Haruhi Suzumiya

For the title character, see Haruhi Suzumiya (character).
Haruhi Suzumiya

Japanese version of the first light novel The Melancholy of Haruhi Suzumiya with Haruhi Suzumiya on the cover.
(Suzumiya Haruhi)
Genre Comedy, Science fantasy
Light novel
Written by Nagaru Tanigawa
Illustrated by Noizi Ito
Published by Kadokawa Shoten
English publisher

‹See Tfd›

Little, Brown Books for Young Readers & Yen Press
Demographic Male
Magazine The Sneaker (short stories only)
Original run June 6, 2003June 15, 2011
Volumes 11
Written by Nagaru Tanigawa
Illustrated by Makoto Mizuno
Published by Kadokawa Shoten
Demographic Shōnen
Magazine Shōnen Ace
Original run May 2004December 2004
Volumes 1
The Melancholy of Haruhi Suzumiya
Written by Nagaru Tanigawa
Illustrated by Gaku Tsugano
Published by Kadokawa Shoten
English publisher

‹See Tfd›

Yen Press
Demographic Shōnen
Magazine Shōnen Ace
Original run November 2005December 26, 2013
Volumes 20
Anime television series
The Melancholy of Haruhi Suzumiya
Directed by Tatsuya Ishihara
Studio Kyoto Animation
Licensed by

‹See Tfd›

Anime Limited (season 1 only)
Manga Entertainment (season 2)
Network Chiba TV, SUN-TV, Tokyo MX, TV Aichi, TV Hokkaido, TV Kanagawa, Teletama
English network

‹See Tfd›

Original run Original airing:
April 2, 2006 – July 2, 2006
(with new episodes)
April 3, 2009
October 9, 2009
Episodes 14 (original)
28 (rebroadcast)
The Melancholy of Suzumiya Haruhi-chan
Illustrated by Puyo
Published by Kadokawa Shoten
English publisher

‹See Tfd›

Yen Press
Demographic Shōnen
Magazine Shōnen Ace, The Sneaker
Original run July 26, 2007 – present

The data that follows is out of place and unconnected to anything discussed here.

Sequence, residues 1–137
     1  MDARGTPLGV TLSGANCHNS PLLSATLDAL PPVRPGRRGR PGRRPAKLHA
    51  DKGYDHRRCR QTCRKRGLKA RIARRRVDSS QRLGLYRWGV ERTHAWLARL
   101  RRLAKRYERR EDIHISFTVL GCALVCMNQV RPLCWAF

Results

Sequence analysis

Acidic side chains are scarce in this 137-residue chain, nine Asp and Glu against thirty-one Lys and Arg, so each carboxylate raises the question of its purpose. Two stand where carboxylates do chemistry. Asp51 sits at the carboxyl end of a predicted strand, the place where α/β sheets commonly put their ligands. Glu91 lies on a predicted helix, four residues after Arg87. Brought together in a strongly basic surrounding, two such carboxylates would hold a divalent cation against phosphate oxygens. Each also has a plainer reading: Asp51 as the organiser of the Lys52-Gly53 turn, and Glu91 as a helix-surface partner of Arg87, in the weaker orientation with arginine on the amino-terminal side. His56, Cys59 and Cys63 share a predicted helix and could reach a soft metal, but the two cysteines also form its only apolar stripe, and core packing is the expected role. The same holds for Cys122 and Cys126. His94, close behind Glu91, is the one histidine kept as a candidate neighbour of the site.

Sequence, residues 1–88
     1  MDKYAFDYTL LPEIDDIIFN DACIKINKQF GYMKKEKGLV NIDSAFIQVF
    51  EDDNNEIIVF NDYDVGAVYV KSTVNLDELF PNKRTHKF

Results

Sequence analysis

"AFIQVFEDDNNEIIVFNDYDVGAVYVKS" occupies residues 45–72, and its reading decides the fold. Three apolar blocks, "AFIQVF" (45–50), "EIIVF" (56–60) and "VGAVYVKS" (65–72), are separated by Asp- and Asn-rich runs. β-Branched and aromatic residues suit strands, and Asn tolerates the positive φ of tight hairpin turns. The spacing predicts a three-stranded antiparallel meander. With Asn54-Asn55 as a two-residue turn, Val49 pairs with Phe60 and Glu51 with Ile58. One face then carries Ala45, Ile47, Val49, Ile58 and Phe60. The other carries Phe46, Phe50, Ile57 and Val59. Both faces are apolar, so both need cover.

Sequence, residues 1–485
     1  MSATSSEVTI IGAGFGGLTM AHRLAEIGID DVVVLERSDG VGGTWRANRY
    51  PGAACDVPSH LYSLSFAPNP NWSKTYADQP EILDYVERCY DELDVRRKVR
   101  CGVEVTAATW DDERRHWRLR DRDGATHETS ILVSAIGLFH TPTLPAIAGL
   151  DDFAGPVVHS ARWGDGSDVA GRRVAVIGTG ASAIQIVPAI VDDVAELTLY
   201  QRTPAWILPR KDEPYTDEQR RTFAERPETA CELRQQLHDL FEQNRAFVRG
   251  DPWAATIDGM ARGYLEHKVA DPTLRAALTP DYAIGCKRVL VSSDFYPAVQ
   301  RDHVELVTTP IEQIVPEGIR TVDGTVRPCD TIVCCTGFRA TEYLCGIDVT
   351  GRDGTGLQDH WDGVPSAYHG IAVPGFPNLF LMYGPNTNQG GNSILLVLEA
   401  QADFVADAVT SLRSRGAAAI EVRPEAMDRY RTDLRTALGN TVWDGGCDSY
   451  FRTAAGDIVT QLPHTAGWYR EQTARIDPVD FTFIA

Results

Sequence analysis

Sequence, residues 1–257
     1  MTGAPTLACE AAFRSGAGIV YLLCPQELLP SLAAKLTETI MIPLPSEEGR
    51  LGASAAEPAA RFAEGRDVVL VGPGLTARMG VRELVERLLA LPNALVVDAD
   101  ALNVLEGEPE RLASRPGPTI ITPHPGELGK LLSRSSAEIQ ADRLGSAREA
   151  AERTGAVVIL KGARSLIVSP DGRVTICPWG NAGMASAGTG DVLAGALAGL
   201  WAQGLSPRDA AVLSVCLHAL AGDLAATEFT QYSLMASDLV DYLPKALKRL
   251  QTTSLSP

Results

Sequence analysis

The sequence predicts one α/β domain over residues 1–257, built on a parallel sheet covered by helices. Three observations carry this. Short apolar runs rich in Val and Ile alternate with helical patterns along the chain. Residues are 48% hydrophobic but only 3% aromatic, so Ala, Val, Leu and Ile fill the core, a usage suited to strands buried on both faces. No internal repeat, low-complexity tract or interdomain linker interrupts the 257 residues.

Volumes 10
Nyorōn Churuya-san
Illustrated by Eretto
Published by Kadokawa Shoten
Demographic Shōnen
Magazine Comp Ace
Original run November 2008October 2009
Volumes 1
Original net animation
The Melancholy of Haruhi-chan Suzumiya
Studio Kyoto Animation
Licensed by

‹See Tfd›

Madman Entertainment
Manga Entertainment
Released February 13, 2009 May 15, 2009
Runtime 2–8 minutes
Episodes 25
Original net animation
Nyorōn Churuya-san
Studio Kyoto Animation
Licensed by

‹See Tfd›

Madman Entertainment
Manga Entertainment
Released February 13, 2009 May 15, 2009
Runtime 2 minutes
Episodes 13
The Intrigue of Itsuki Koizumi
Illustrated by Puyo
Published by Kadokawa Shoten
Demographic Seinen
Magazine Altima Ace
Original run April 18, 2012October 18, 2012

Haruhi Suzumiya (涼宮ハルヒ Suzumiya Haruhi) is a series of light novels written by Nagaru Tanigawa and illustrated by Noizi Ito and which were adapted into other media. Initially released in Japan in 2003 with the novel The Melancholy of Haruhi Suzumiya, it was followed by ten additional volumes, an anime television series adaptation, four separate manga series, an animated film, two original net animation series and several video games.

After the anime adaptation airing in 2006, publishing company Kadokawa Shoten received various offers for licensing both the novels and their various adaptations.[1][2] The novels are licensed for English language release in the United States by Little, Brown and Company, for young readers by Yen Press and the anime adaptation was licensed for North American distribution by Kadokawa Pictures USA division which then sub-licensed production and distribution to Bandai Entertainment. The anime is currently licensed by Funimation.